Specialty running store staffers see runners making the same mistakes again and again when they come in to buy shoes. But not you, not anymore, thanks to this advice from five prominent store managers.
“Some runners are too concerned with fashion, and we try and steer people away from that. Often, when they get a shoe that looks cool, they end up coming back in a few months and saying, ‘This shoe hurts me. I had a problem with it.’ When you buy, think feel and fit, not fashion.” – Bryan Mahon, Philadelphia Runner, Philadelphia.
“When you’re ready to pay, ask if there are any discounts available for running club members. Most specialty stores offer some sort of a discount.” – Tim Rhodes, Run For Your Life, Charlotte, North Carolina.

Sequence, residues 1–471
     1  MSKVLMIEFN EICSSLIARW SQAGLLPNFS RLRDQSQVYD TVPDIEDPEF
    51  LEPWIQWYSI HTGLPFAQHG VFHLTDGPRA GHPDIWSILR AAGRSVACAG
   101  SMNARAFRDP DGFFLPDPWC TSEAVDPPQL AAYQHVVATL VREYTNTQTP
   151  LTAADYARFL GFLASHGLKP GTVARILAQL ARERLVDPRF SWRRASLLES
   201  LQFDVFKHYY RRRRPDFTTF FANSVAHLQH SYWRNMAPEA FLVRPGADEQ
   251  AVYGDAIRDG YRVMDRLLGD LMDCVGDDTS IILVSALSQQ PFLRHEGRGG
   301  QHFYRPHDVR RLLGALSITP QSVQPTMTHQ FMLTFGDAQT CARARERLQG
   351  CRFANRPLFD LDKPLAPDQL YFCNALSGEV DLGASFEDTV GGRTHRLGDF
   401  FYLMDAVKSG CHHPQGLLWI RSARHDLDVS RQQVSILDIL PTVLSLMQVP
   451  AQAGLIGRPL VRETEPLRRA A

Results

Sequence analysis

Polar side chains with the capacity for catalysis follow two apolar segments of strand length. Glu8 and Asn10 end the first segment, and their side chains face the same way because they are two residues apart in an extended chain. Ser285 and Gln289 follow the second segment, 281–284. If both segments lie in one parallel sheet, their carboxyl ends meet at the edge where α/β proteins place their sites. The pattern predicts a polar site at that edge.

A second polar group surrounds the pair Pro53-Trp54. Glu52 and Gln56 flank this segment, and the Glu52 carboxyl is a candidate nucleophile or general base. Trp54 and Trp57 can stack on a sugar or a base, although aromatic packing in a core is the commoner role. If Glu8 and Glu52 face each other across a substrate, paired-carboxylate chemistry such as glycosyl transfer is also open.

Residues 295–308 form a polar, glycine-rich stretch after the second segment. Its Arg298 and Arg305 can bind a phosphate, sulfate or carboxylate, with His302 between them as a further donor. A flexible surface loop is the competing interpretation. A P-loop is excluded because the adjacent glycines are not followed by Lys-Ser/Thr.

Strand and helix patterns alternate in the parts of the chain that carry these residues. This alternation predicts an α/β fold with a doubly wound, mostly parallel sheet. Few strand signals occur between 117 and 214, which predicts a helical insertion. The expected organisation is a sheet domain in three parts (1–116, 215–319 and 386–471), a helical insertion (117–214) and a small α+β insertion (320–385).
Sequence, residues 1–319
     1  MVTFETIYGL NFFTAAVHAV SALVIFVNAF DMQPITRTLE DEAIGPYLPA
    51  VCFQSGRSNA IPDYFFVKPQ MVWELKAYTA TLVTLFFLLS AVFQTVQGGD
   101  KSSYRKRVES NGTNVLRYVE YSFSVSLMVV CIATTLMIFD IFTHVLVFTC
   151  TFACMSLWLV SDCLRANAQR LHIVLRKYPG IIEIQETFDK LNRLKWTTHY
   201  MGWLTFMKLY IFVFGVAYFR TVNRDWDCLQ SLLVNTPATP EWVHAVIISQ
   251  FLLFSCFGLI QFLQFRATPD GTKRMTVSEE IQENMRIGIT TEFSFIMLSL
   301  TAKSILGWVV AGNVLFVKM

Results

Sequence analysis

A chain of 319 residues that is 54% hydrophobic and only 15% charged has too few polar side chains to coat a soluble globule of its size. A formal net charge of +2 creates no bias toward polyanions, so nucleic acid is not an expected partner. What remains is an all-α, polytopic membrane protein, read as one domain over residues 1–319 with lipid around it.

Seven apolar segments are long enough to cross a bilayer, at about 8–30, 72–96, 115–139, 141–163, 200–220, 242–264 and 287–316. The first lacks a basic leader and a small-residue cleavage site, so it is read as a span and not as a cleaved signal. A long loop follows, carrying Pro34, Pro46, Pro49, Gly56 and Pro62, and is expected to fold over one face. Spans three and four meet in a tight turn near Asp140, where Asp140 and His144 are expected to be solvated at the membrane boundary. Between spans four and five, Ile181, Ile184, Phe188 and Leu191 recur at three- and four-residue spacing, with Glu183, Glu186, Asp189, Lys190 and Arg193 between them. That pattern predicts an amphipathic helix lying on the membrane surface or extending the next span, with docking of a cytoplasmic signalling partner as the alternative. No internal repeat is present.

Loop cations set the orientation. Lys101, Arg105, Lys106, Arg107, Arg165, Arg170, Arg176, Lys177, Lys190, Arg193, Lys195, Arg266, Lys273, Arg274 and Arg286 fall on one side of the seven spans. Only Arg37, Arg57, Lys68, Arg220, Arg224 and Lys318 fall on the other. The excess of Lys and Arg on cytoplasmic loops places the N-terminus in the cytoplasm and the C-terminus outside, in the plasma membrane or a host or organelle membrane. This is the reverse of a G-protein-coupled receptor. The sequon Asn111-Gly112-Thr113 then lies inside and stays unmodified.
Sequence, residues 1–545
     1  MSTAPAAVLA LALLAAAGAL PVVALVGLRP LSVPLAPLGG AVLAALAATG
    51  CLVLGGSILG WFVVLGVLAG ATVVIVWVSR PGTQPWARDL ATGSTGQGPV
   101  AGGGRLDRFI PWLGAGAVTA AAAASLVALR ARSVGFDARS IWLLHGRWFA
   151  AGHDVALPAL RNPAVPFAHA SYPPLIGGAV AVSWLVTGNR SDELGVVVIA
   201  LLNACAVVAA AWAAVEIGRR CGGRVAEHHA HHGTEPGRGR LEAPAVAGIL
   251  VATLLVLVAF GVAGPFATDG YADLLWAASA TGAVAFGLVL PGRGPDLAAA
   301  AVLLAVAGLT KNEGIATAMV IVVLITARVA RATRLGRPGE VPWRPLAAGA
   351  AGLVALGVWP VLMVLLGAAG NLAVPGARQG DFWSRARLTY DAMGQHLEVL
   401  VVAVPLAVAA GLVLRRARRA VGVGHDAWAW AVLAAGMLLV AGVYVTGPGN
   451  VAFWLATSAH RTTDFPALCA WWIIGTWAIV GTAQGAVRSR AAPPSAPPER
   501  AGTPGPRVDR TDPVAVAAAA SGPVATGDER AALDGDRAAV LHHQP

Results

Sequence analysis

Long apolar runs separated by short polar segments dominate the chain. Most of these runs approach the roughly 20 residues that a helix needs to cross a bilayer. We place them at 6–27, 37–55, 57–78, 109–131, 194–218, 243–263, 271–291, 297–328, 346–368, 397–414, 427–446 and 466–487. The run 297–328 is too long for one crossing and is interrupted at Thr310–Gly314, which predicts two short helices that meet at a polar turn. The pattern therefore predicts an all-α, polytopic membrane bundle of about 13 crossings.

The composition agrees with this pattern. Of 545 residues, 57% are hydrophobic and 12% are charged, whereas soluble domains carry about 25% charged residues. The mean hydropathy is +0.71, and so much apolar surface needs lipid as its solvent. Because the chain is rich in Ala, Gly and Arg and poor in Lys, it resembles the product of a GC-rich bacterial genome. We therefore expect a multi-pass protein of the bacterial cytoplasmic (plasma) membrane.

“Tight-fitting shoes lead to blisters and black toenails and that kind of thing. Women in particular are used to wearing their shoes close-fitting, as they’re often more self-conscious about the size of their feet. We like to say, ‘Play the piano with your toes,’ meaning the fit should be roomy enough in the forefoot – about a centimetre – but not sloppy.” – Mike Johnson, Road Runner Sports, San Diego.
“A lot of times people come in the morning and say, ‘This is the shoe I need.’ Then they’ll come back the next day and say, ‘I wore them at 5 p.m. and they were too small.’ Your feet start swelling in the morning and they don’t stop until about 4 p.m. That’s as big as they’re going to get, so always buy your shoes in the evening.” – Tish Borgen, Running Room, Minneapolis.
“People assume that a size is a size – that an 8 in a Nike will be the same as an 8 in a New Balance. But sizes differ because of different lasts (foot forms), the different shape of the upper, and the way the shoe is stitched together. Have your feet measured every time you buy, and always try the shoes on for fit.” – Johnny Halberstadt, Boulder Running Company, Boulder, Colorado.
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